In 2018, 49 million children under 5 years of age—7.3 per cent of the global under-5 population—suffered from acute undernutrition, or wasting (low weight for height), a condition generally caused by limited nutrient intake and infection. Over half of children with wasting live in Southern Asia. The global wasting rate in 2018 remained well above the 5 per cent global target for 2025 and the 3 per cent target for 2030.

The prevalence of overweight, another form of malnutrition, is increasing in all age groups

* Excluding Australia and New Zealand.
** Excluding Japan.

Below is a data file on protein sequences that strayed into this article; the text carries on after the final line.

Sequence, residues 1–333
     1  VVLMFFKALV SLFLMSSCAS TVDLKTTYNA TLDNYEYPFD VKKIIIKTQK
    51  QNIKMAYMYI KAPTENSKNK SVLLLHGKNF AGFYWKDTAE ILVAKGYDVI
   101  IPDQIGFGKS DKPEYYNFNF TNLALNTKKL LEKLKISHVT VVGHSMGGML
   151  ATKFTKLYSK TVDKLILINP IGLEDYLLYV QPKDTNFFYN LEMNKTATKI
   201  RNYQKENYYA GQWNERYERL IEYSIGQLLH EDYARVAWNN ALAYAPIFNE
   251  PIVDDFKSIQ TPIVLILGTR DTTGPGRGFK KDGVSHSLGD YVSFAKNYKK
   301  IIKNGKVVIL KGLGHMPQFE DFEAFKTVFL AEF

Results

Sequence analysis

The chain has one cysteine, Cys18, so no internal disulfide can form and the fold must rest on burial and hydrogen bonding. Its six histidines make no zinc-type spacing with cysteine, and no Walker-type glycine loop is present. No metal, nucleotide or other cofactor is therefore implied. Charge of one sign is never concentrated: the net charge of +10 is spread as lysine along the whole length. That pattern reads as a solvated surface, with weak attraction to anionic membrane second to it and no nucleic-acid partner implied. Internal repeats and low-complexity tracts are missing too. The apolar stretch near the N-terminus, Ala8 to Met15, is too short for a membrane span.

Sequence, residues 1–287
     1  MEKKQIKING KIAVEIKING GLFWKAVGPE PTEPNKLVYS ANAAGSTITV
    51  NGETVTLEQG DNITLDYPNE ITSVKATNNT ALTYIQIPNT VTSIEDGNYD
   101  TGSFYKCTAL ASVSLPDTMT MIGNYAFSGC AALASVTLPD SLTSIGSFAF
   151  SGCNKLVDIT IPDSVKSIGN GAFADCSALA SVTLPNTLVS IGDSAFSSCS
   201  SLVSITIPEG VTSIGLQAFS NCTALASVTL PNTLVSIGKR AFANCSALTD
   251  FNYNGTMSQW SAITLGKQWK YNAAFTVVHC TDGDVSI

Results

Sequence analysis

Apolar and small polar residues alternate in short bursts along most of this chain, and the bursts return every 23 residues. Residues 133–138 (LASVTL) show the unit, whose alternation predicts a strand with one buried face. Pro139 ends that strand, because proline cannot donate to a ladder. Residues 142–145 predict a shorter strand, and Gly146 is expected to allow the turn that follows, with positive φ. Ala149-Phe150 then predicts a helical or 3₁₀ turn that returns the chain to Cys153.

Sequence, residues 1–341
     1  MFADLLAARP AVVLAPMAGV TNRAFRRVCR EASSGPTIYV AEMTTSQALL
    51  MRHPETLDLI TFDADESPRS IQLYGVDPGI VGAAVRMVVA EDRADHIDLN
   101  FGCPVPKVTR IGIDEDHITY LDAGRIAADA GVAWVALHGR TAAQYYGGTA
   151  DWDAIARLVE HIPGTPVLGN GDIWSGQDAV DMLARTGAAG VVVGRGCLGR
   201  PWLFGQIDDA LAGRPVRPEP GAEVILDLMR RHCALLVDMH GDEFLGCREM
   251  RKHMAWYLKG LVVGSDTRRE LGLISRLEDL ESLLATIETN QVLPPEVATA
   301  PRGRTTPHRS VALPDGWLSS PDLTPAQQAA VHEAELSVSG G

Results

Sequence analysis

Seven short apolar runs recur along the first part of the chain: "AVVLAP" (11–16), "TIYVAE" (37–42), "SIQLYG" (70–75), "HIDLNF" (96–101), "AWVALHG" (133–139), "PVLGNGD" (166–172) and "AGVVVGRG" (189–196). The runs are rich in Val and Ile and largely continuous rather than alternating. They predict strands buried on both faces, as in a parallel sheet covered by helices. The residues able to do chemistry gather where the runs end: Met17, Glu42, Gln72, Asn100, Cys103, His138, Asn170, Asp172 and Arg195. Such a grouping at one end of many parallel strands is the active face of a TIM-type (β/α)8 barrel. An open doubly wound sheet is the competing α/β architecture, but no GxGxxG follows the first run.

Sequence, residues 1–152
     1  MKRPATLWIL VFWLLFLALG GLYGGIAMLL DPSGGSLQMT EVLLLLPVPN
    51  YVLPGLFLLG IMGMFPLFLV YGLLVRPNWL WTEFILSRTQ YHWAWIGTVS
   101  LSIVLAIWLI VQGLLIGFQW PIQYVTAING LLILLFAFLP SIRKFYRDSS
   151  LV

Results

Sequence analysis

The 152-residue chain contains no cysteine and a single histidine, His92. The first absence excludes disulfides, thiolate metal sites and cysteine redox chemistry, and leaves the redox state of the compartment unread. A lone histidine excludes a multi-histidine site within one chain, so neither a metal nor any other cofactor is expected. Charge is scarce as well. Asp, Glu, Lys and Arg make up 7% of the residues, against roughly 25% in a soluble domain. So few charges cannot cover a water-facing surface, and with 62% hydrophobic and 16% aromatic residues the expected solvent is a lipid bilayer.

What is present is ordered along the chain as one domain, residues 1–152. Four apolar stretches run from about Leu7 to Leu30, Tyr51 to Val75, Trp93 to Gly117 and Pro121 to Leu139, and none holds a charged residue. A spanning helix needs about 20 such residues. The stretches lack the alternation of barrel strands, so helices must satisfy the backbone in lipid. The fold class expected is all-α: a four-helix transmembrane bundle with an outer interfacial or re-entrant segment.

*** Including estimates only for the United States of America. Confidence intervals are not available.

Childhood overweight and wasting form the double burden of malnutrition. Children who are overweight or obese are at higher risk of early-onset obesity-related health and psychological complications. They often carry the extra weight into adolescence and adulthood, leading to lifelong health problems. The prevalence of overweight is increasing in all age groups. In 2018, childhood overweight affected 40 million children under 5 years of age—5.9 per cent of the global under-5 population. Prevalence levels were above 9 per cent in Northern Africa, Southern Africa, Central Asia, Oceania (excluding Australia and New Zealand) and Western Asia.